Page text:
Saturday, October 9, 2010

Are electric cars really better for the environment?

Interesting article from here

Popular mechanics likes them

We have a chicken-and-the-egg problem

Should EV's be subsidized?
How about pushing fuel economy via command-and-control?

Read one viewpoint here, and the other here.
(Warning: strong opinions and normative content in the articles)

What do you think?

There's a much deeper issue underlying all of this: Can individuals (and nations) on the lower end of the income spectrum afford to be green? Are higher income individuals (and nations) who most certainly create more pollution in some way obligated to do more abatement?


Justin Castrati said...

I truly believe that this argument is the definition between conservatives and liberals in recent history. During Bush Jr.'s presidency the conservatives with Bush's help pushed tax breaks for the upper class and businesses while democrats strongly voiced thier opposition. And now with this contraversy concerning electric cars the roles have flipped due to a dominant democratic party. Conservatives are strongly opposing the subsidies for electric cars while democrats have pushed for these subsidies and subsidies like this for a long time. But politics aside, I tend to agree with the proponents of these subsidies. It is true that right now with these subsidies (with the leaf as the exception) these subsidies are meerely making these cars affordable to the wealthy. But if that is your main argument then I don't believe that you have looked far enough into the future. If we can continue these subsidies (as stated in the proponents article) we can eventually make these cars affordable to the general public by slowly lowering the cost of the expensive batteries. The higher investment in these components means an eventual higher supply which will in turn drop the price. As for the argument that this money could be going to better things, I believe the only way to agree with that would be to also agree that the market is more important than the value of clean air or the intrinsic value of knowing that your doing something for the environment with your tax dollars. And while some may agree that the market or economy is more imoportant, I believe that when faced with that question, a majority would accept the cost of that intrinsic value.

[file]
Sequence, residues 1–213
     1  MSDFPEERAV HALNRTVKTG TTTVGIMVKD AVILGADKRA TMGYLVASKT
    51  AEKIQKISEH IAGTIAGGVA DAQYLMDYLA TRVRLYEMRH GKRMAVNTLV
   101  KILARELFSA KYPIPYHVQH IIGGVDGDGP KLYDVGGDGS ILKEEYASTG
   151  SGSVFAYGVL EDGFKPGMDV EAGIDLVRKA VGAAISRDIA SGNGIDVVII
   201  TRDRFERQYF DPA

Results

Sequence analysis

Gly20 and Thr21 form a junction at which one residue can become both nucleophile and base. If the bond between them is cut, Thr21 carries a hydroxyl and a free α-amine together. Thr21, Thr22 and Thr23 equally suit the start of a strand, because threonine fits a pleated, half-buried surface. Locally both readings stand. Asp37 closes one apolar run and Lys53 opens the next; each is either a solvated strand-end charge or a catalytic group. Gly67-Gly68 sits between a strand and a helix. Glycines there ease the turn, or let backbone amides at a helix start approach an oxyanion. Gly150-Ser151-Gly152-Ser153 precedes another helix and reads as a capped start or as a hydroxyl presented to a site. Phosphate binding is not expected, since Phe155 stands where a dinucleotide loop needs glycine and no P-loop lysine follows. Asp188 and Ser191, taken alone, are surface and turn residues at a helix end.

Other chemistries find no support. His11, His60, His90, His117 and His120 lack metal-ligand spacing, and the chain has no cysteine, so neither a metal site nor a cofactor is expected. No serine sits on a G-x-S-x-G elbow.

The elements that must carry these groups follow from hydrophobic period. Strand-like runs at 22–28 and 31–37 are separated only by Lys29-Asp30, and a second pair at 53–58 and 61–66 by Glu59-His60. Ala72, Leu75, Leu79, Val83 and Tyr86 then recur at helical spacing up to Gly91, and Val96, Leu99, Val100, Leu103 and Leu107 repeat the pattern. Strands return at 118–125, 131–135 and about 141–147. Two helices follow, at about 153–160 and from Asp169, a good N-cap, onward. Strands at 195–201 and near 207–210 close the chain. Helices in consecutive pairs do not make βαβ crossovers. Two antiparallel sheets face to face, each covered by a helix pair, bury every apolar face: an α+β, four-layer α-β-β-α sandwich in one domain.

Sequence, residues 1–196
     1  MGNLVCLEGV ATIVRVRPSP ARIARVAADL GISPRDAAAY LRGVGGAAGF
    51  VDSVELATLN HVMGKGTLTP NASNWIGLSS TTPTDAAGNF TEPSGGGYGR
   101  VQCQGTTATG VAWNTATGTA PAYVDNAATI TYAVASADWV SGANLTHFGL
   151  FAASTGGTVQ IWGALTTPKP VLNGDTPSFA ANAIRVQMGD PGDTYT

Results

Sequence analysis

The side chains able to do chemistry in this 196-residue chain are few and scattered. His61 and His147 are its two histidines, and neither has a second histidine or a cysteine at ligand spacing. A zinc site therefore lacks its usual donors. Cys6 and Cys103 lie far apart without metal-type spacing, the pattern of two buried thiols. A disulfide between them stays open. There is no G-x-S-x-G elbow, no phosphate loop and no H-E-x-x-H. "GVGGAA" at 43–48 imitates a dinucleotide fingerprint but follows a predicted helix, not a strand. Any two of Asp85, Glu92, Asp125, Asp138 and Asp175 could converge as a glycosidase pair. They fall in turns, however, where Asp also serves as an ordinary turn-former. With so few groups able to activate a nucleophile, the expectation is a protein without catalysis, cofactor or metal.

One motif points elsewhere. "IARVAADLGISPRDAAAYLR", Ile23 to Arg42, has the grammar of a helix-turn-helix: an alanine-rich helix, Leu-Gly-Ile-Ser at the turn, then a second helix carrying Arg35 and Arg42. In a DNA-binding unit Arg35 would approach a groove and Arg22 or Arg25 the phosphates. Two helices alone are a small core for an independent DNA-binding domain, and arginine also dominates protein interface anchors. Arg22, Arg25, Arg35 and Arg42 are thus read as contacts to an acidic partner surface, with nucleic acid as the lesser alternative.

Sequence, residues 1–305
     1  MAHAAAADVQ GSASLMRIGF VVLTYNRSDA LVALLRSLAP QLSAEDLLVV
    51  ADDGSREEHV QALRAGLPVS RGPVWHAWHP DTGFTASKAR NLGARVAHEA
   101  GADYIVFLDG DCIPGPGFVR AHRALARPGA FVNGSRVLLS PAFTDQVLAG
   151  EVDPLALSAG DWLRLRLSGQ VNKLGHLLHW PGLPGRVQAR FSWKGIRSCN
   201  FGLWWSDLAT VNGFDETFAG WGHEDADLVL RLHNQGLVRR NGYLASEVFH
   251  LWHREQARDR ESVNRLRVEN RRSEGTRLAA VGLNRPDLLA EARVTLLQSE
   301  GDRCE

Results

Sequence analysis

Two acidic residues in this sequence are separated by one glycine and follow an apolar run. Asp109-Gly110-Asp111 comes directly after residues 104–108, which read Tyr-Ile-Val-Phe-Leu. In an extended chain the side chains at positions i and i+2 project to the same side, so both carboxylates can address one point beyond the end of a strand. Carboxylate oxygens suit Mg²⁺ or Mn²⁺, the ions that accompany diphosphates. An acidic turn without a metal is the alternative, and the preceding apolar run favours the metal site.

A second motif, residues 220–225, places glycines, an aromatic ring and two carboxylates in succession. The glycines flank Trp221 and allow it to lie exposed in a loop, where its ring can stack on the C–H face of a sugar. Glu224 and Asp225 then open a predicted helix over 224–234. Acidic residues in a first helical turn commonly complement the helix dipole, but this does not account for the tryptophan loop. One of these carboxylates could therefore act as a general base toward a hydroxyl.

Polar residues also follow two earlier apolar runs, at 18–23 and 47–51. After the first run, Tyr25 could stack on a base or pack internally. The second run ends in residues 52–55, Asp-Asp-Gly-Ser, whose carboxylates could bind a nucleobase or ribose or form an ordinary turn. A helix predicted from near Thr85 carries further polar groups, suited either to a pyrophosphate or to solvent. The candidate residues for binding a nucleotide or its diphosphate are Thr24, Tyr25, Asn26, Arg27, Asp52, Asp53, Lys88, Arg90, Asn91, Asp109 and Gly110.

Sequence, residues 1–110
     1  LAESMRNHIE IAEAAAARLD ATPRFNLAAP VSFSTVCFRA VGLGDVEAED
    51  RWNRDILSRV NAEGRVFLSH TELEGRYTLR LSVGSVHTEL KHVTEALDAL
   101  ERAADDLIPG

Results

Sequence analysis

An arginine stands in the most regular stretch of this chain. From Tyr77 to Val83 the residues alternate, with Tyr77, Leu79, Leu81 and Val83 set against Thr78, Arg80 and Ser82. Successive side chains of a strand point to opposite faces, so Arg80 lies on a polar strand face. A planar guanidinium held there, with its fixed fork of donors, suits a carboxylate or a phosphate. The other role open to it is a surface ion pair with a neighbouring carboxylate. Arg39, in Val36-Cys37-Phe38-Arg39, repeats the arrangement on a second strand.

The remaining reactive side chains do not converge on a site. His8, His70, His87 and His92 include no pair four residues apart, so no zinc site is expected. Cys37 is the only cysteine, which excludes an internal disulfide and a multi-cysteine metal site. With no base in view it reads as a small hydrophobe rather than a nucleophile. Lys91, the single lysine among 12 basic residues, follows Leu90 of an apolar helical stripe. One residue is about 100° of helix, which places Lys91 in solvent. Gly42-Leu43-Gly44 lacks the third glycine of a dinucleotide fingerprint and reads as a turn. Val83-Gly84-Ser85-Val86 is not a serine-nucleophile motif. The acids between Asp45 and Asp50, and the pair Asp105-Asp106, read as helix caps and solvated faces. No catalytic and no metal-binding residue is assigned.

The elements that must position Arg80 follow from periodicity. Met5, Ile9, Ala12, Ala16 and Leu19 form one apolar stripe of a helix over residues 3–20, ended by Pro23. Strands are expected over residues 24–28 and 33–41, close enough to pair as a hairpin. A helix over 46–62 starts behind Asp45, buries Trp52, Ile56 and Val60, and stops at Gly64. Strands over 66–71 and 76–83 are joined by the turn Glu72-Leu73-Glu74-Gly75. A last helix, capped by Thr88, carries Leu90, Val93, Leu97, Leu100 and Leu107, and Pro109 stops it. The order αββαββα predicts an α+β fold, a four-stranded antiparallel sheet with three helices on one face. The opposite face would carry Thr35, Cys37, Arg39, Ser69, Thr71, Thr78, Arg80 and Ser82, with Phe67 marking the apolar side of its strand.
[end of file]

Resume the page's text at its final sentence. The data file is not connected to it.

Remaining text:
Anonymous said...

Forgive my economic ignorance but could it be that the car companies are for the moment considering their Production Possibility Curves and the high opportunity costs of delving full into the electric car market. The more electric cars they produce, the more resource will have to be taken away from producing gas cars which is their secure market. They could also be monitoring the market to see those barriers to adoption by consumers (other than price) from unfamiliarity with the product to being scared of running out of juice far away from a socket. It could therefore be that the car industry is being reactive, waiting until demand increases before shifting their production inputs to this new product.

David Gill